There’s been renewed discussion recently about cultural fit, what it means, and its place in your hiring process. This pendulum has been swinging for years, because there are strong arguments both for and against. As usual, the answer lies between the extremes. A thoughtful cultural interview, as one component of a comprehensive hiring process, can provide some of the positives while avoiding the worst negatives. But how? Here are a few guidelines for approaching cultural criteria.
4 min read
Much like code smells, there are conversation smells. Words that should be a red flag, words that often indicate something bad is happening. Here are some words I watch out for in dev meetings. Obviously The fastest way to shut someone down is to make them feel stupid. Saying “Obviously” prevents me from asking questions about what you said. If it’s not so “obvious” to me, maybe I’d like to dig a little deeper - but you’ve set up a situation where I look stupid in front of the group because I can’t immediately grasp the full meaning of what you said.
4 min read
I’d like to share a personal revelation in case it applies to you too. Mo' Developement Mo' Problems I’m a developer in large part because I enjoy solving problems. I like how there are so many aspects of solving a problem. Defining and redefining. Looking from different perspectives. Empathizing with users. Thinking about various approaches. Testing those approaches. Determining metrics of success. Measuring results. Learning and iteratively refining. And I like how development provides me with interesting new problems every day.
3 min read
Very early in my career, I was setting up some pressure sensors. The sensors had tiny wires coming off them, which someone had soldered to shielded co-axial cable running back to the data acquisition board/laptop. My task was to fasten the sensors to a frame, which I completed quickly and thoroughly. My boss checked in, complimented my framed sensors, and mentioned that the way the tiny wires connected to the co-ax was too flimsy for our application.
4 min read
Today I switched from RVM to rbenv. This ThoughtBot post was a great starting point. I ran into a couple hitches. Here’s how I got through it. Do this stuff before you start the ThoughtBot stuff. First, brew doctor. I ran it a bunch of times and followed the steps until it was clean. The hardest step was XCode. I was running 4.2.1 and brew wanted 4.6.3. I downloaded the new 4.6 version through the app store, but brew was still using my old standalone 4.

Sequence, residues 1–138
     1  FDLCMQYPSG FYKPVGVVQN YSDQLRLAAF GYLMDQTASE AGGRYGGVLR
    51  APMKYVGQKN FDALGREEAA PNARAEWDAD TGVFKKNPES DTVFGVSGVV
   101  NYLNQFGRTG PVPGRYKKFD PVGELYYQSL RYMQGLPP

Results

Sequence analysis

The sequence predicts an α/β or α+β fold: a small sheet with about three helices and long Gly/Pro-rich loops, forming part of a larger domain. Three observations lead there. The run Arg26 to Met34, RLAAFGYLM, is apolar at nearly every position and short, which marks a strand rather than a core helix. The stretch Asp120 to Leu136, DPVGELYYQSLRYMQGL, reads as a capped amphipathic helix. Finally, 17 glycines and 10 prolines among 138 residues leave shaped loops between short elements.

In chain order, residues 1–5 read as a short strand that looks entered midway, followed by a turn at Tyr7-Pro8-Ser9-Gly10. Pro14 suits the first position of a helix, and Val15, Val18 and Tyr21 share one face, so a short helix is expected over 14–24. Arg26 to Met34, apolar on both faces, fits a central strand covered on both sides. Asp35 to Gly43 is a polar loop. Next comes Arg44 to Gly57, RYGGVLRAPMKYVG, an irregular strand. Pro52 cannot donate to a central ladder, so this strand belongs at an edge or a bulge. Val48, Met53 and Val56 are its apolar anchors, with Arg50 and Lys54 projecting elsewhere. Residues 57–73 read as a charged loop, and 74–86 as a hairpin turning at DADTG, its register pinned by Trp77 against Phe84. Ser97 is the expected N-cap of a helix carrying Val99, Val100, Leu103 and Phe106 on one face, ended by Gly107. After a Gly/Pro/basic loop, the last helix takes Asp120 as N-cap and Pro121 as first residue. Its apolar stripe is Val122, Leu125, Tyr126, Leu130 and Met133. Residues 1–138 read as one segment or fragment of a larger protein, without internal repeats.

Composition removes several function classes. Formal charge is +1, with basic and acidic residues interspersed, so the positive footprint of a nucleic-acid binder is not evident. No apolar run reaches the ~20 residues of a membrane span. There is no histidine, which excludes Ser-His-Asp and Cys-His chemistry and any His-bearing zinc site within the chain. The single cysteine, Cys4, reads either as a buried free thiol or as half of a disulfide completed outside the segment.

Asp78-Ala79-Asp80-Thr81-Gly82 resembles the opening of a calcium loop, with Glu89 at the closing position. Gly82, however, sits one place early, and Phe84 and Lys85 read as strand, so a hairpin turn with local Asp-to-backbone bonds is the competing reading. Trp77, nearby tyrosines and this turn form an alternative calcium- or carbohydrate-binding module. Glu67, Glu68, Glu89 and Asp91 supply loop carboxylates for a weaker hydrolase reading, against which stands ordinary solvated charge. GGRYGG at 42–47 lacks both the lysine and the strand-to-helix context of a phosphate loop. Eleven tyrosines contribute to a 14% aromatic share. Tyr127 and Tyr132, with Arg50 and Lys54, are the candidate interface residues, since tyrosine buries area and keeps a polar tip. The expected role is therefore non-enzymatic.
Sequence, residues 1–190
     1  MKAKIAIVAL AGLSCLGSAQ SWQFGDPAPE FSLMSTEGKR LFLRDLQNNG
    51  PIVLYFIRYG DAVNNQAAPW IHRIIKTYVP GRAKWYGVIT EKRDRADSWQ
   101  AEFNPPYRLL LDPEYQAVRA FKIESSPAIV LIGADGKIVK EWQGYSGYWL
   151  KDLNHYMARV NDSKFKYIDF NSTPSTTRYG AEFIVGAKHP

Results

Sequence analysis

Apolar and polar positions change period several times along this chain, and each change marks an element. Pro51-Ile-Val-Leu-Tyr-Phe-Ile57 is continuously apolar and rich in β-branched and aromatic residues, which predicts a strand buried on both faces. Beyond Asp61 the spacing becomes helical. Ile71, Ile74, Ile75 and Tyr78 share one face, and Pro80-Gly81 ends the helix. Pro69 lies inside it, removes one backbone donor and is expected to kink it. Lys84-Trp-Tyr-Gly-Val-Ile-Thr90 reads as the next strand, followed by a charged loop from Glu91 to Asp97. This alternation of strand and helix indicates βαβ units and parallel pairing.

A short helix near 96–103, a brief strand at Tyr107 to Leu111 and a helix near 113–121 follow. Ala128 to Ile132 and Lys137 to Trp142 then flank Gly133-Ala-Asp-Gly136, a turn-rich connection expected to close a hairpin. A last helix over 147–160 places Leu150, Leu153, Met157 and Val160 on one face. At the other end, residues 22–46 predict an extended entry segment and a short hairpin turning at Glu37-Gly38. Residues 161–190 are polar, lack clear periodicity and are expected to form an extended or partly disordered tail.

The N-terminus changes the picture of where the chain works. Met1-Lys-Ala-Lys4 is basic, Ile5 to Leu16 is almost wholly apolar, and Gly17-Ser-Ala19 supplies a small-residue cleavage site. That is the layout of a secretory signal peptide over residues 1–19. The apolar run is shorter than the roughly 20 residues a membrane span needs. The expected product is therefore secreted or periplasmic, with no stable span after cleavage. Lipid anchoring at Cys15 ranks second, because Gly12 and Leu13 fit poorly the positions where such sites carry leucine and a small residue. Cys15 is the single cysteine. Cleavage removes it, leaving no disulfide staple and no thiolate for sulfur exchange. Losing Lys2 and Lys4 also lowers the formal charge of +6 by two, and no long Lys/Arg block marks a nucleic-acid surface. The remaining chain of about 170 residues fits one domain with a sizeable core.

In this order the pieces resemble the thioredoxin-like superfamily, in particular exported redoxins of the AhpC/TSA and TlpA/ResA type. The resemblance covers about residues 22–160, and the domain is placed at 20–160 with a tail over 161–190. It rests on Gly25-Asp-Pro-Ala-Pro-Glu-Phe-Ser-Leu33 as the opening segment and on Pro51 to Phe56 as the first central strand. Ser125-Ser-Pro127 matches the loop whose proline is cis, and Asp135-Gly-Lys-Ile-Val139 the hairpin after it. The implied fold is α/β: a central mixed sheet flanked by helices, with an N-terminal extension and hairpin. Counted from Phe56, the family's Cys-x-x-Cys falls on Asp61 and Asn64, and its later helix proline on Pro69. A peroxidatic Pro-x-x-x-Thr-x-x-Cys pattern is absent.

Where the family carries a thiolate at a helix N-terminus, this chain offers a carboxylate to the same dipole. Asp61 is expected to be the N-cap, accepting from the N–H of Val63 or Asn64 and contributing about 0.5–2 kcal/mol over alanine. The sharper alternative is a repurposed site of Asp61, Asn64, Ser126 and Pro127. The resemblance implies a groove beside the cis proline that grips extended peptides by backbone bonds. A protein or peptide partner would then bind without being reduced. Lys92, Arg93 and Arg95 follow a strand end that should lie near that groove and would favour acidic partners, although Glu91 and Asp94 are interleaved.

1 min read
Here’s what Heroku says about dyno memory usage: Dynos are available in 1X or 2X sizes and are allocated 512MB or 1024MB respectively. Dynos whose processes exceed their memory quota are identified by an R14 error in the logs. This doesn’t terminate the process, but it does warn of deteriorating application conditions: memory used above quota will swap out to disk, which substantially degrades dyno performance. If the memory size keeps growing until it reaches three times its quota, the dyno manager will restart your dyno with an R15 error.
SUMMARY: This is a step-by-step overview of how to get Oink installed in your Rails app on Heroku, and use it to analyze your memory usage. Starts with a brief description of the problem space, skip down if you just want to get on with your Oink integration. My stack includes these technologies: Rails 3, Unicorn, NewRelic, Heroku, Hodel3000CompliantLogger, and now Oink. Why is understanding memory usage important? For me, it’s because Heroku routes traffic to my dynos randomly.
Make a file called epoch.rb in your project (I put mine in config/initializers). Use it to store constants that represent the times when big dev events happened. For example: CART_RELEASE = Time.local(2013, 04, 22, 13, 45) We released our shopping cart at 1:45pm on 4/22. Fast forward to today: some of our stats are messed up, for deals that were live across the cart release. I need to fix the stats, but I only want to do it for the affected deals.
1 min read
So you’ve learned a few HTML tags and the basic structure of an HTML document. Now what? Since HTML adds meaning to content, the basis for all these suggestions is “find some interesting content and add meaning.” Really, anything that gets you in your editor or browser playing around with this stuff is going to be useful. Pretend you’ve been hired to make a web page for a company or nonprofit. Designers will often do this to build their portfolio.
2 min read